President Ulysses S. Grant gets the credit — or blame? — for helping make "mistakes were made" a phrase that politicians can't seem to avoid using.
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White House press secretary Ron Ziegler was famous for mounting a strong defense of President Nixon during the Watergate scandal. In 1973, he famously apologized to <em>The Washington Post</em> and reporters Bob Woodward and Carl Bernstein, saying "mistakes were made in terms of comments" that the White House made about them.
In December 1986 and again during his State of the Union address a month later, President Reagan conceded that "mistakes were made" by his administration when it sold arms to Iran and shipped the proceeds to Contras in Nicaragua.
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Steven Miller, now the acting commissioner at the Internal Revenue Service, grabbed the "mistakes were made" lifering in an op-ed published by <em>USA Today</em> on Tuesday.
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Democrats play the "mistakes were made" card as well. In January 1998, President Clinton was asked about a fundraising scandal. "Mistakes were made here by people who did it either deliberately or inadvertently," he replied.
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President Ulysses S. Grant gets the credit — or blame? — for helping turn "mistakes were made" into a phrase that American politicians can't seem to avoid using.
In this installment of World Cafe, Bonnie 'Prince' Billy (the stage name of Will Oldham) and Dawn McCarthy perform their own versions of classic Everly Brothers songs — as heard on their latest album together, What the Brothers Sang.
When it comes to approving new medical treatments, the Food and Drug Administration is balancing the need for patient safety against the urgency of making important new treatments available as quickly as possible.
Some argue the FDA sets the bar too high, requiring a process that takes too much time and money to carry out. They say that can leave patients waiting longer than necessary for promising treatments or lead to drugs not being developed at all.
A limousine filled with students headed to prom night at Western High in Davie, Fla., stopped for a detour Saturday, after a Honda van veered into a concrete wall and flipped in front of the limo. The van's seven passengers had trouble getting out — until the limo's driver and the students came to their aid.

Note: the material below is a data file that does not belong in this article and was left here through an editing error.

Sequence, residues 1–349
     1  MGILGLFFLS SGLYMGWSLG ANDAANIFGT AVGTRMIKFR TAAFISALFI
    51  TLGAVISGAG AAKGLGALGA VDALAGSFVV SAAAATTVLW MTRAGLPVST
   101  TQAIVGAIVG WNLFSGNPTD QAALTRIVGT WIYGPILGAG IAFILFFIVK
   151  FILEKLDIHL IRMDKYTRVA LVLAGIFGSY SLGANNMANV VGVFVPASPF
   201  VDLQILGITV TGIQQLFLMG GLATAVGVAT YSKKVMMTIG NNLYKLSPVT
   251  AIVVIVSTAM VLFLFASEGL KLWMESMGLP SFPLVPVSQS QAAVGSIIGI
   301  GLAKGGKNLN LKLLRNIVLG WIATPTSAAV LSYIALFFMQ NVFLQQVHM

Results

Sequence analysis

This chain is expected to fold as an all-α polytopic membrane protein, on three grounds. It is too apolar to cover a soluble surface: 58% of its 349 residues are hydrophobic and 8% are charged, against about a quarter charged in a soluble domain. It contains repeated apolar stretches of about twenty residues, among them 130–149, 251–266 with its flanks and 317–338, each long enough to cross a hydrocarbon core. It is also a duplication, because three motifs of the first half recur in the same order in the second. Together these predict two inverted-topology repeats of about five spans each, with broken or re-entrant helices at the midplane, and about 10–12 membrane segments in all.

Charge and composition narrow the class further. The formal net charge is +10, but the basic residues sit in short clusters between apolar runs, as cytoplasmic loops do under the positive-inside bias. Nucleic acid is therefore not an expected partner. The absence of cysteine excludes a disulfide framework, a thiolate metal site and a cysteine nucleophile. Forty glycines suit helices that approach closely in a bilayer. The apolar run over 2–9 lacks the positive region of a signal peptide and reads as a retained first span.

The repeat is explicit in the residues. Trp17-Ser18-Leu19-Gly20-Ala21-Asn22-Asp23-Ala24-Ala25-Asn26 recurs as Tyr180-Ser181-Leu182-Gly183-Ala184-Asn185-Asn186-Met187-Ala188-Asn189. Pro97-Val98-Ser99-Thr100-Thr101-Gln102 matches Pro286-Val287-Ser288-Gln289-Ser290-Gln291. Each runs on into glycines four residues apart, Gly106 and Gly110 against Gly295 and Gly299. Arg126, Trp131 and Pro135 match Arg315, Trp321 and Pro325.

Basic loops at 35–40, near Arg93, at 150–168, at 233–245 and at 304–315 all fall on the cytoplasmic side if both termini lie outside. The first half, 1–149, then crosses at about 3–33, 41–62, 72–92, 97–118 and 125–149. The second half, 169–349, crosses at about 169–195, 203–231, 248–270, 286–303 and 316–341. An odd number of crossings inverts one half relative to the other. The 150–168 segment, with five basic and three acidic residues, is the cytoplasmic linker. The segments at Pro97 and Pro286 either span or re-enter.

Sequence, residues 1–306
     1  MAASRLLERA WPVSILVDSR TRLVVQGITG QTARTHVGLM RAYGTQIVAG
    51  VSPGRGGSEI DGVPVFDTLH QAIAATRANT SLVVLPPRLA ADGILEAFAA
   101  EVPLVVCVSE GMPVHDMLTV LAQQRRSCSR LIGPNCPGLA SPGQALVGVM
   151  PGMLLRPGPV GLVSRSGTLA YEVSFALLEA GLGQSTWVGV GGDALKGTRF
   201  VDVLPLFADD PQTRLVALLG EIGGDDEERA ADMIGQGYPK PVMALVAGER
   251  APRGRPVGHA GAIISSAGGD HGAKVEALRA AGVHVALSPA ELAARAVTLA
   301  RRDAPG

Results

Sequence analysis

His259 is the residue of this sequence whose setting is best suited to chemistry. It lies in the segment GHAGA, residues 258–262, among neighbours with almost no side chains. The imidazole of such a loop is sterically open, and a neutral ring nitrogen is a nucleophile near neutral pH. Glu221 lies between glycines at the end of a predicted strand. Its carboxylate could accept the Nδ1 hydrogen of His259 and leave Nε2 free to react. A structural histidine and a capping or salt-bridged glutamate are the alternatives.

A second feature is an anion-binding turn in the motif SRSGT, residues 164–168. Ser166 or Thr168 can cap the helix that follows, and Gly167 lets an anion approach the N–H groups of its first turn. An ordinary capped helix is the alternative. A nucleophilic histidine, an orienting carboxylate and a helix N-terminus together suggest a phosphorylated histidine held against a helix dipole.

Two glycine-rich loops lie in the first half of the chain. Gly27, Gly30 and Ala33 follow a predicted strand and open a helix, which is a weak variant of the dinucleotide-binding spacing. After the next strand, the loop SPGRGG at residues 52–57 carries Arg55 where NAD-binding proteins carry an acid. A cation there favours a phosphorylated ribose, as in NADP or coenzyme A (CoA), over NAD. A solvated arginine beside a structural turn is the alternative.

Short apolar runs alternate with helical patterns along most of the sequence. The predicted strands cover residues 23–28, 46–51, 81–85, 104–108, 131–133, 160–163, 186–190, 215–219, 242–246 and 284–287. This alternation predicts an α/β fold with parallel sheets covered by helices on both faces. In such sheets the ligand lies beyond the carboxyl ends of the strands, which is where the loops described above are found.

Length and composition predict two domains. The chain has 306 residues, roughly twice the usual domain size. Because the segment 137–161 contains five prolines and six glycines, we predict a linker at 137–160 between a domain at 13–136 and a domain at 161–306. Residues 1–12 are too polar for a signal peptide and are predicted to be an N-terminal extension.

Pop culture does not mean celebrity culture; I have perhaps said this more often than anyone you're going to meet. Who dates, who gets a divorce, who has a tantrum, who has surreptitious photos snapped of him by mangy, grim opportunists — these things are not culture of any kind, popular or otherwise, unless there is something else at stake. They are curiosities, and given that we are curious creatures, their pull is not surprising, nor is it new, nor was it invented by the internet, or television, or Americans.
The election year was dominated by talk about jobs and the economy, but neither the administration nor Congress seems to have any grand ideas for jump-starting a still sluggish recovery — and they're not even talking about it much.
President Obama sought to turn attention back to economic issues with a speech last week in Texas on manufacturing, but that's already long since been forgotten. A cascade of scandals has driven the issue entirely off the Washington radar.
If you heard the Dawes song "Just Beneath the Surface" and said, "Somebody's been listening to their old Jackson Browne albums," you're not exactly insulting Dawes. The band has actually backed Browne on tour — and Browne has sung backup on at least one of its songs — so you could say that Dawes comes by its riffs and phrasing honestly.